A car chase ensued with Costa Mesa police in pursuit on Newport Boulevard onto the eastbound 55 Freeway. Shortly after merging onto the 55, the twins stopped their car and jumped out. The police then chased the suspects on foot, at which point the suspects entered two building by breaking through the windows. The police finally caught up and the two men were arrested. It sounds like a scene out of a cop and robber movie with a twist. The cops must have been surprised to find that their suspects were identical twins.

When the brothers took off, they left their loot in the car. Police found coins and the brother’s burglary tools in their abandoned vehicle. News reports state the men face counts of burglary, conspiracy to commit a crime and evading peace officers. I would think theft would be added to those charges.

When a person is charged with a crime, the prosecution is bound by law to provide all the evidence supporting the charge or charges, including evidence that might exonerate the defendant. Evidence that is favorable to the defendant is called “exculpatory evidence” and back in 1963, the United States Supreme Court held that the prosecution must give all this exculpatory evidence to the defense. This case, Brady v. Maryland, 373 U.S. 83, was the seminal case on exculpatory evidence. These days, attorneys refer to Brady evidence when they are talking about exculpatory evidence.

Unfortunately, the prosecution sometimes plays fast and loose with exculpatory evidence. And if the defense doesn’t know the evidence exists, it may be hidden by the prosecution and not available in the discovery, leaving the defendant at a disadvantage. This doesn’t happen in every case, most prosecutors run an honest practice, but it happens. A few years ago, the Orange County District Attorney’s office was scandalized by allegations that it withheld material evidence from the defense and the court in a high-profile murder case. That led to a new law in California that provides for criminal punishment of a prosecutor who withholds evidence.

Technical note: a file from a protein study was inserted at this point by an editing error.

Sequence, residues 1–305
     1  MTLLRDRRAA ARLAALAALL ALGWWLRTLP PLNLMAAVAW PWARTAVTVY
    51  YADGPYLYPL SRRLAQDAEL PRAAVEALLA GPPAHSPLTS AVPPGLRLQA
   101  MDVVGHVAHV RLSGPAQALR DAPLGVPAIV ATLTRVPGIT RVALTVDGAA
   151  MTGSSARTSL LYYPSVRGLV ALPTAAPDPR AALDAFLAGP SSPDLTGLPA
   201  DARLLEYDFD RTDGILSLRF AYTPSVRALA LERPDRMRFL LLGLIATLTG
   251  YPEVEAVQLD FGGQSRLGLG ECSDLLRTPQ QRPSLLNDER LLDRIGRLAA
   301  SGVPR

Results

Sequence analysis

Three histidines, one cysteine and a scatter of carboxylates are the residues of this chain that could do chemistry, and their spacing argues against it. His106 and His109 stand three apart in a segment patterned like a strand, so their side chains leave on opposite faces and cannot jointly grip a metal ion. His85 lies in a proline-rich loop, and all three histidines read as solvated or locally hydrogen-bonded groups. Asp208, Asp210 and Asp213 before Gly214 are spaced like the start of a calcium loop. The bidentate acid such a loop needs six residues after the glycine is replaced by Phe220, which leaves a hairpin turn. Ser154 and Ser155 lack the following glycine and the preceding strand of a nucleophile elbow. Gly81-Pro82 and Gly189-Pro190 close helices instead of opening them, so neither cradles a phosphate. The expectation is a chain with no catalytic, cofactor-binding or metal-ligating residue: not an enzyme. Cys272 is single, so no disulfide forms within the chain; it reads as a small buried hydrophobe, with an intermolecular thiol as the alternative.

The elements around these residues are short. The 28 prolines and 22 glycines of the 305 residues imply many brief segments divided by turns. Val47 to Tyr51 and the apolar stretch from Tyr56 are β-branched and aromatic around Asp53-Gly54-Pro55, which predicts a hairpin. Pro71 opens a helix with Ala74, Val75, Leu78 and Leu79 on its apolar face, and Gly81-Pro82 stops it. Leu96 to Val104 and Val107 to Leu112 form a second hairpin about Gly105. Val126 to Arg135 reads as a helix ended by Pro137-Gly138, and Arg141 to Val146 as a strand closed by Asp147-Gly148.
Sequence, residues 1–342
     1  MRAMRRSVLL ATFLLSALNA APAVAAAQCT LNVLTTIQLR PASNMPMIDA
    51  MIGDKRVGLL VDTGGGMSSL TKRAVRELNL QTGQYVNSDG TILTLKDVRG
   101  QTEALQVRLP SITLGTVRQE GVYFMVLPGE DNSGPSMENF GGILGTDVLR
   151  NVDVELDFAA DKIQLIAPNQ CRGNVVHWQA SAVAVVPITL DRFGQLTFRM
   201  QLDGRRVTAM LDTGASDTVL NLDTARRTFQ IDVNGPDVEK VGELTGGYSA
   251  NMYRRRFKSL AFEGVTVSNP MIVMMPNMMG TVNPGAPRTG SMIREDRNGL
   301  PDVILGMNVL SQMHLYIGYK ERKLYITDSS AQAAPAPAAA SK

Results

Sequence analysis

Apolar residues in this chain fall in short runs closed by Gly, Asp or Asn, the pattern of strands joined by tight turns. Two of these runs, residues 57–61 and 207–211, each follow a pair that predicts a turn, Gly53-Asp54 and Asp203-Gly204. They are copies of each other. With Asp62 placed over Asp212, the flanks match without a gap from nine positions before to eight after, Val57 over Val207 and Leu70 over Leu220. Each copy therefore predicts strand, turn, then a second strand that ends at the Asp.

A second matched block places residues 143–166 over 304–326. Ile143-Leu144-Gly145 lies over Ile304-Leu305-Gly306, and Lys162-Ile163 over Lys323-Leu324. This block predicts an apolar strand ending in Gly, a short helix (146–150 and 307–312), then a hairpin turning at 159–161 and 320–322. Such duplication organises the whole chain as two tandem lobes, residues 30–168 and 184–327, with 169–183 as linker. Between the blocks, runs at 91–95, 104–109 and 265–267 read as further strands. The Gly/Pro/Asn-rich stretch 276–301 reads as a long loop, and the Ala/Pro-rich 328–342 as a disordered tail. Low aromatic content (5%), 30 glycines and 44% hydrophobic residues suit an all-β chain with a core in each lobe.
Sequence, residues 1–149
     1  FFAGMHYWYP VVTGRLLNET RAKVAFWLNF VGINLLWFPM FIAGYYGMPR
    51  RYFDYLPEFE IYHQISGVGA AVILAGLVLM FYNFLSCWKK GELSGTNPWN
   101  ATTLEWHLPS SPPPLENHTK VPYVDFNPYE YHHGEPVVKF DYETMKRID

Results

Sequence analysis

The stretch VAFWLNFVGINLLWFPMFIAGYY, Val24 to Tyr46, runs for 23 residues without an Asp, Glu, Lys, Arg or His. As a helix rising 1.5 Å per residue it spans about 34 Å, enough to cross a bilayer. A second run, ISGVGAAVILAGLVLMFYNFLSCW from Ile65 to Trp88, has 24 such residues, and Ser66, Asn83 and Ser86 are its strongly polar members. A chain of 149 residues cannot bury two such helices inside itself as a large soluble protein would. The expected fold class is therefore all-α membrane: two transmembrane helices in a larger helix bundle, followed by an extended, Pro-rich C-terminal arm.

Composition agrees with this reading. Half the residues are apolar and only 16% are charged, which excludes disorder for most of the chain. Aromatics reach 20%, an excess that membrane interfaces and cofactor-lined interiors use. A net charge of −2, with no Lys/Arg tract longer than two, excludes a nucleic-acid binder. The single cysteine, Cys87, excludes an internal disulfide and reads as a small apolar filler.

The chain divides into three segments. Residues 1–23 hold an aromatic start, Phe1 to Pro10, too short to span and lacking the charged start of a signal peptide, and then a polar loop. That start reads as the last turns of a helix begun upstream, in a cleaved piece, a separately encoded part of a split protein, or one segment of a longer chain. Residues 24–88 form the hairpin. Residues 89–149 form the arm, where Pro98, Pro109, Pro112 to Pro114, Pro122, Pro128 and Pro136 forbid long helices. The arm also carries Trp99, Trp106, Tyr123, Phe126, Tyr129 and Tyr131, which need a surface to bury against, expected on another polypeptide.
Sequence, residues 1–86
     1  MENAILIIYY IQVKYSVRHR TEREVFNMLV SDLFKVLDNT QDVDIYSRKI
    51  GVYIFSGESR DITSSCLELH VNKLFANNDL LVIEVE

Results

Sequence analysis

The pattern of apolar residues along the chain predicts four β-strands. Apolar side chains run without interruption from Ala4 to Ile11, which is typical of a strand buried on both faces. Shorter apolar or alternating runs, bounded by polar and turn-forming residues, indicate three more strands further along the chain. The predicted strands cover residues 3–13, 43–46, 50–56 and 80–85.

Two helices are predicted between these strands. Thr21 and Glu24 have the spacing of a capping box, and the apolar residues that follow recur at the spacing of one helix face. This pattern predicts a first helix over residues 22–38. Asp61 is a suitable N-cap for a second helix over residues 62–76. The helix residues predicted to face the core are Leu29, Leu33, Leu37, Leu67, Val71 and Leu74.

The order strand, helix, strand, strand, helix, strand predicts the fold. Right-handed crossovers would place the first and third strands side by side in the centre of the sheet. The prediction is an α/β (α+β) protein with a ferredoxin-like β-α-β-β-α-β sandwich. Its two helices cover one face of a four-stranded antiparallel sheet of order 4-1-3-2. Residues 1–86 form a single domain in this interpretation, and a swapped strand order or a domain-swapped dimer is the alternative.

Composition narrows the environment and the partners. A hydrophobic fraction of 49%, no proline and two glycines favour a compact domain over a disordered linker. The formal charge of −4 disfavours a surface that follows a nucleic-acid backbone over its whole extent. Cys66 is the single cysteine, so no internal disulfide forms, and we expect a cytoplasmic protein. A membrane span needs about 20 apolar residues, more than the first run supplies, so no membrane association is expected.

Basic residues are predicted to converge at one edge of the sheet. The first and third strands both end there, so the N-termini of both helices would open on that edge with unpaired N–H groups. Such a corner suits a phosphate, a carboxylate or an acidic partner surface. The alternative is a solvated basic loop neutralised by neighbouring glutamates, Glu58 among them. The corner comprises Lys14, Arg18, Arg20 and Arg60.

Sometimes, the discovery that a prosecutor has withheld exculpatory evidence does not become known until years after the trial. For example, just this year, disciplinary charges were filed by the State Bar of California against a former L.A. City Attorney who was accused of withholding potential exculpatory evidence in a murder case that took place 30 years ago. The case was a death penalty case and the defendant was convicted and sentenced to death.